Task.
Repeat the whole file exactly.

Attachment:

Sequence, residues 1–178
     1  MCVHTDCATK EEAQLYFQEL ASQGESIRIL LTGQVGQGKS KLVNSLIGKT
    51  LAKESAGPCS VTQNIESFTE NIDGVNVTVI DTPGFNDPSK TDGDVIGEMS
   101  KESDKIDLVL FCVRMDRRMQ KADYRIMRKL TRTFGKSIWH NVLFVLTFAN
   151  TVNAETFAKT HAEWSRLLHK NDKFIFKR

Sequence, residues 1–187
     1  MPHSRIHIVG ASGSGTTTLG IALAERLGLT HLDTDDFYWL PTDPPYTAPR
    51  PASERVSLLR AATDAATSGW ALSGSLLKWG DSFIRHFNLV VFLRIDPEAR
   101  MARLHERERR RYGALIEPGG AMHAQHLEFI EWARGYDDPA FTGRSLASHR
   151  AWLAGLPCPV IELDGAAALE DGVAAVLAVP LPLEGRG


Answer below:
Sequence, residues 1–178
     1  MCVHTDCATK EEAQLYFQEL ASQGESIRIL LTGQVGQGKS KLVNSLIGKT
    51  LAKESAGPCS VTQNIESFTE NIDGVNVTVI DTPGFNDPSK TDGDVIGEMS
   101  KESDKIDLVL FCVRMDRRMQ KADYRIMRKL TRTFGKSIWH NVLFVLTFAN
   151  TVNAETFAKT HAEWSRLLHK NDKFIFKR

Sequence, residues 1–187
     1  MPHSRIHIVG ASGSGTTTLG IALAERLGLT HLDTDDFYWL PTDPPYTAPR
    51  PASERVSLLR AATDAATSGW ALSGSLLKWG DSFIRHFNLV VFLRIDPEAR
   101  MARLHERERR RYGALIEPGG AMHAQHLEFI EWARGYDDPA FTGRSLASHR
   151  AWLAGLPCPV IELDGAAALE DGVAAVLAVP LPLEGRG